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Marie Fourie and Cecelia Bonthuys of Pretoria were plaintiffs in the first of two cases on the issue, which were merged. Fourie and Bonthuys claimed "the law excludes them from publicly celebrating their love and commitment to each other in marriage," said a court statement. "They contend that the exclusion comes from the common law definition, which states that marriage in South Africa is a union of one man and one woman, to the exclusion, while it lasts, of all others." The second case before the court referred to the Gay and Lesbian Equality Project's challenge to the country's marriage act. The challenged section says marriage officers must ask of the parties whether they take their partner as their lawful wife or husband. That reference, the Equality Project contends, is unconstitutional because it excludes same-sex couples, the statement said. Possible solutions, the court suggested, include following the Equality Project's proposal and have the Marriage Act say that marriage officers would ask parties if they would take their partner as their lawful wife, husband or spouse.The suit was brought about by South Africa's Gay and Lesbian Equality Project and some eighteen other gay and lesbian rights groups and was filed against South Africa's MInister of Home Affairs. Anti-gay feelings, however are on the rise. According to the article:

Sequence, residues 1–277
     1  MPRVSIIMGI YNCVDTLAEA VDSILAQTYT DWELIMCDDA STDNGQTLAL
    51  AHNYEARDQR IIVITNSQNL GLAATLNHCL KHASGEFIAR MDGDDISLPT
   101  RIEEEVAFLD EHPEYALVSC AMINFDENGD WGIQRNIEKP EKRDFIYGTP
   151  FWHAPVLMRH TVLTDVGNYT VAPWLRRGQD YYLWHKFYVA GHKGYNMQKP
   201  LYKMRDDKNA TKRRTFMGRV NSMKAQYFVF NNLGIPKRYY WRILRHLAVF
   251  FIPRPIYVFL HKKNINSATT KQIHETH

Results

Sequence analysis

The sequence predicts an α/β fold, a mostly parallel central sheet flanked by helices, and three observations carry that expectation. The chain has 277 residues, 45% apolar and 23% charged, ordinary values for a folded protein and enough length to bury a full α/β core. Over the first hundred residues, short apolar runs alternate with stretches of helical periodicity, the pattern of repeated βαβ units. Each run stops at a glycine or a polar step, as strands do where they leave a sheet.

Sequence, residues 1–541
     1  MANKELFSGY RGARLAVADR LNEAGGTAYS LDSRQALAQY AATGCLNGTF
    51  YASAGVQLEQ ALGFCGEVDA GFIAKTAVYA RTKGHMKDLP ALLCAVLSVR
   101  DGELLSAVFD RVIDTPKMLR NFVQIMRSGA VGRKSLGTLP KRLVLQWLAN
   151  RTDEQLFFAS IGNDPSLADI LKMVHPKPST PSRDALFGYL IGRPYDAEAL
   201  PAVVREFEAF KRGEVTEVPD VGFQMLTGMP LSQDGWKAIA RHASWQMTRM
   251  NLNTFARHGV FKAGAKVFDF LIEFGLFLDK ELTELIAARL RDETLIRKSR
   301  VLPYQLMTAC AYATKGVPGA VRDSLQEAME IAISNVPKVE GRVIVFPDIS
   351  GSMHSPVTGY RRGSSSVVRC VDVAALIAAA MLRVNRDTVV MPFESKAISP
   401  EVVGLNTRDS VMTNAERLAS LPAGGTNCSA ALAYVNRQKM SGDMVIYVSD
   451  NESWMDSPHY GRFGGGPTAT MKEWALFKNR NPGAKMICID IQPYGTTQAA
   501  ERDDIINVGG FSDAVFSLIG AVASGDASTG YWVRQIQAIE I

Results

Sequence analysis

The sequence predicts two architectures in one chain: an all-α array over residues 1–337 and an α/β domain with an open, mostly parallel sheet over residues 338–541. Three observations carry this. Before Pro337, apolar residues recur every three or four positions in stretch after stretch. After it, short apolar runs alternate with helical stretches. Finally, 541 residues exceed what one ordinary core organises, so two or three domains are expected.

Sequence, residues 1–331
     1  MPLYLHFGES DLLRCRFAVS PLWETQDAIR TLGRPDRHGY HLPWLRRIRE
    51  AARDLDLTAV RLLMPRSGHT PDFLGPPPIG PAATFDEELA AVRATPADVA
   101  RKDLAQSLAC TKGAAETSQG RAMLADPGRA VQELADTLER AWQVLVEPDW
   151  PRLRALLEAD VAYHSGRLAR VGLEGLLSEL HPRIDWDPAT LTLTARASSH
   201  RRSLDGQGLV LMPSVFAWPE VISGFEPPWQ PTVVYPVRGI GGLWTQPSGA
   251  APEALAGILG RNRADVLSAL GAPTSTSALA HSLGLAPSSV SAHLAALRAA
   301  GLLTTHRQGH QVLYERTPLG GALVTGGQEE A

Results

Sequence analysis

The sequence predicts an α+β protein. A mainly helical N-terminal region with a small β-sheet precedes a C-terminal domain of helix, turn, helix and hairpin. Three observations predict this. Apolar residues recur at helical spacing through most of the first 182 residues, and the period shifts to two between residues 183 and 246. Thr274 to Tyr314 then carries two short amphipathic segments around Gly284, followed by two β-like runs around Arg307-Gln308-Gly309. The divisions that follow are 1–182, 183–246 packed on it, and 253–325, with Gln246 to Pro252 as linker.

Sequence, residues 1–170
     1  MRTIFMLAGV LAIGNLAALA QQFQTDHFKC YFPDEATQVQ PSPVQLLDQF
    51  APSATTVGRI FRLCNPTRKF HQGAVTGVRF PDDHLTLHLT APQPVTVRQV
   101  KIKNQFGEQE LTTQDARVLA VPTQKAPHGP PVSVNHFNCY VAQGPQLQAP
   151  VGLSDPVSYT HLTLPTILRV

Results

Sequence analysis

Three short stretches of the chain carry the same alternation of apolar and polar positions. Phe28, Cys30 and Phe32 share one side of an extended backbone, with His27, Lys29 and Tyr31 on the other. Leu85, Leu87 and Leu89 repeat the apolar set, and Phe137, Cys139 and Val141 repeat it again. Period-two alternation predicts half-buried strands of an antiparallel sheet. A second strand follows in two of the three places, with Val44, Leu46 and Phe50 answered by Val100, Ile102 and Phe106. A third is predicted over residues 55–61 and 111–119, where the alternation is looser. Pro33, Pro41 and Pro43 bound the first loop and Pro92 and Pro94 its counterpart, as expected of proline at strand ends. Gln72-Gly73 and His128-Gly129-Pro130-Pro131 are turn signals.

A conservative group of medical doctors called Doctors for Life International condemned the ruling. It had submitted a brief to the court against the same-sex marriage position. The group said in a statement it "implores Parliament to allow empirical science to lead it in this decision for the benefit of all South Africans. South Africa's post-apartheid constitution bans discrimination against gays and lesbians. The constitutional protection is a rarity on a continent where homosexuality is largely a taboo topic. Anti-gay sentiment, however, is becoming increasingly popular in Africa, especially in more conservative religious groups. Henry Orambi, Archbishop of the Anglican Church of Uganda, recently told worshippers that society has "walked down the slippery road of immorality." "As if woman-to-man is not enough, we have gone man-to-man and woman-to-woman," he said. "Now where are we going to end up?"